nuclear arms proliferation and escalation, nuclear arms deterrence, and still
true today, the very real fear that such weapons in the wrong hands could wreak
new and unimaginable destruction.
In the immediate postwar period,
American power, bolstered with nuclear might, gained additional ground. Whereas
Europe was devastated by the fighting America was strengthened, overcoming the
Great Depression and coming out of the war with vastly increased industrial
While Europe embarked on a painful process of recovery
after 1945 (made easier by American aid) America embarked on an extraordinary
period of prosperity.
SO DECEMBER 7, 1941 lives in infamy for the
surprise attack of the Japanese on the United States, but it also marks as a
watershed event in modern history.
The start of systematic industrialized
mass murder in Chelmno is less well known, but has no less importance for
mankind. In the Chelmno extermination camp the Nazis murdered over 150,000
people, almost all of them Jews. The murder method was asphyxiation in gas vans
– group after group, after group.
As is now well known, before being
murdered in the extermination camps, Jews were shorn of their hair, fleeced of
their valuables and robbed of their clothing and any other possessions they had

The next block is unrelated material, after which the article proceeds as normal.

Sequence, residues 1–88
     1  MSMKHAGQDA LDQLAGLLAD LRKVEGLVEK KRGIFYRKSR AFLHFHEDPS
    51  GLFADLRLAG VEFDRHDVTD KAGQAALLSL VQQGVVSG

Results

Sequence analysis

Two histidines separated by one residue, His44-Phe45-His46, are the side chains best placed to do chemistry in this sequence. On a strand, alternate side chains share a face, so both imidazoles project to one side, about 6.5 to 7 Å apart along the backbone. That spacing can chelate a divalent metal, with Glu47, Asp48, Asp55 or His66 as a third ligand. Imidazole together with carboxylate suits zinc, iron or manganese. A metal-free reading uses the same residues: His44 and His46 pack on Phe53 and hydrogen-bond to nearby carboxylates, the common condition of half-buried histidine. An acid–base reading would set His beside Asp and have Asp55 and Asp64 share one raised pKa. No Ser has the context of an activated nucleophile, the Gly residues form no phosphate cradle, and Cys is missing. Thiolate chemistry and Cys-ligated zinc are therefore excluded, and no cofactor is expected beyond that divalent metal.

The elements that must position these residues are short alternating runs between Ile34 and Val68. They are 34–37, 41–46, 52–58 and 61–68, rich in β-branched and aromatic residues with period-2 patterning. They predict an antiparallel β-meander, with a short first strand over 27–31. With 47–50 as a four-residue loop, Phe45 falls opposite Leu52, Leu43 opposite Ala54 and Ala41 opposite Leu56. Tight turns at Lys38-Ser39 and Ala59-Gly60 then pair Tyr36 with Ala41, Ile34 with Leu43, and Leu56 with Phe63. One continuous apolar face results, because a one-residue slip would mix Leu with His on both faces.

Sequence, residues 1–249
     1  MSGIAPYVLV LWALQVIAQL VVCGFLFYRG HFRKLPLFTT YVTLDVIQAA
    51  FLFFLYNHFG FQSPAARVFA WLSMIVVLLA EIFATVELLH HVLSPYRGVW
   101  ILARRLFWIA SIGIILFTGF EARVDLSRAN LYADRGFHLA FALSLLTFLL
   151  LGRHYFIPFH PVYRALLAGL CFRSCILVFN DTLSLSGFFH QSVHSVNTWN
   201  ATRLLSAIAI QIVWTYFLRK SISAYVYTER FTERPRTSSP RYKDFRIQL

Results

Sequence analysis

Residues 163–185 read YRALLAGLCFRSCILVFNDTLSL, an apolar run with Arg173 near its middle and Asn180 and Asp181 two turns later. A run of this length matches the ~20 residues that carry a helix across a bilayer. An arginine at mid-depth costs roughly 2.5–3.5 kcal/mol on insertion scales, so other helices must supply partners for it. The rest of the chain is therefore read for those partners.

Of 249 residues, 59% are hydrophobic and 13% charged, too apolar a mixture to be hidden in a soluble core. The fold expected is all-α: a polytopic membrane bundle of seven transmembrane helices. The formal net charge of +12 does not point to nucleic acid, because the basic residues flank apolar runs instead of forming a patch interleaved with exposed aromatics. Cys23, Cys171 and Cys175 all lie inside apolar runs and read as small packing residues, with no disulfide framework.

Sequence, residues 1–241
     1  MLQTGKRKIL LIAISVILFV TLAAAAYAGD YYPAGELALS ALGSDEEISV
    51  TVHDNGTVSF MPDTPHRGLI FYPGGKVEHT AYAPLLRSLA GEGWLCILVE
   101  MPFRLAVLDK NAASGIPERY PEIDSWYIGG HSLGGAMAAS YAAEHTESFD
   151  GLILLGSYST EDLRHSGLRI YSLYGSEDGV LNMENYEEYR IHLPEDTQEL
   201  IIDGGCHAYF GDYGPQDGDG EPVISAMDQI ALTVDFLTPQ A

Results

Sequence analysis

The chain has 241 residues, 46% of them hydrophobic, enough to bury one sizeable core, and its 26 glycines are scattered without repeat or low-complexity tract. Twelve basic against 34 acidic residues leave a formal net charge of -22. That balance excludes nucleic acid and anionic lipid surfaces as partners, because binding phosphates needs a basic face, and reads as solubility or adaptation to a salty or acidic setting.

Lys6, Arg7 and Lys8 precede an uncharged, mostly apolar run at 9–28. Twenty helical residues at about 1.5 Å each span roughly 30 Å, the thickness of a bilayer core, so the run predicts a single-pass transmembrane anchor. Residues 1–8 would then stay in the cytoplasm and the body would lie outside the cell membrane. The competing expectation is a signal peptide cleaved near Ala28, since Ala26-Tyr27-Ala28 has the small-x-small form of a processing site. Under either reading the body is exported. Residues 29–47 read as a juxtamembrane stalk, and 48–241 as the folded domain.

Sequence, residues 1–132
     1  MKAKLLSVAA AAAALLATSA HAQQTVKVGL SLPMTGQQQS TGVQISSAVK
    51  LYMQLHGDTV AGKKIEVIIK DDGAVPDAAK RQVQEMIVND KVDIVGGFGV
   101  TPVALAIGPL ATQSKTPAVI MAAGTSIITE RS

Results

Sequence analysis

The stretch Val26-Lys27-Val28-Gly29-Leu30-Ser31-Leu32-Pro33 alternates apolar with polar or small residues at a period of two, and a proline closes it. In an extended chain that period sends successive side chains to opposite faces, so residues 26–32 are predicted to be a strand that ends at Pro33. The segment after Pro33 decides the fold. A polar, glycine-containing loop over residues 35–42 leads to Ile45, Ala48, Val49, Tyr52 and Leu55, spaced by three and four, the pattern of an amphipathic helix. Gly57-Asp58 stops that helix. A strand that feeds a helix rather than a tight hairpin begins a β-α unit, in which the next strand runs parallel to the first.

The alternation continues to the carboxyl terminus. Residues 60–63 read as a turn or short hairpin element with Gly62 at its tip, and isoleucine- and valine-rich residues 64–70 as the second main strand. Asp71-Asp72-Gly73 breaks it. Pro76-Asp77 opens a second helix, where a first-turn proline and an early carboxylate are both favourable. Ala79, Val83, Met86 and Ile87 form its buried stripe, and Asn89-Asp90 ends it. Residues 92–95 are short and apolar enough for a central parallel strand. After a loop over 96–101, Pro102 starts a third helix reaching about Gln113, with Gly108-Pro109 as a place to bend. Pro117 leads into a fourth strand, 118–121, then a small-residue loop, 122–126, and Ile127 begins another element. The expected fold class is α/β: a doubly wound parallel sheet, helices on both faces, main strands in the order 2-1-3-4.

brought with them. None of this material was meant to go to waste, and much of
its found its way back into Nazi Germany where many ordinary citizens benefited
The idea that in the name of an ideology a regime could plan and
carry out the despoliation and murder of an entire people, using the most modern
means available and doing so in a “rational,” “dispassionate” way, continues to
The murder of the Jews, and especially the use of
modern means to do so, may well mark the beginning of a retreat (now well
advanced) from the notion that technological progress is always by definition
for the greater good. It certainly underscores the idea that advances in science
and technology should not occur in a moral vacuum.
technological know-how outstrips our ability to understand its implications or
when people willfully ignore those implications, the door to nefarious acts and
even radical evil opens.
The Japanese attack on Pearl Harbor and the
advent of murder in the first extermination camp, Chelmno, are historical
signposts that need to be marked and remembered. The first for its great impact
on the course of human affairs and role in the ultimate defeat of the consummate
evil embodied by the Nazis, and the latter as a ghastly warning of what can
happen when technologically advanced barbarians, imbued with an ideology of
hate, have the unfettered freedom to act.
After 70 years, the
significance and caveat of December 7 remain as compelling as ever.The
writer is director of the Yad Vashem Libraries, author of
Holocaust, Texts and Contexts, (Vallentine Mitchell, 2005). His study on
Hungarian Jewish Forced Laborers on the Eastern Front will soon be published by
Yad Vashem and University of Nebraska Press.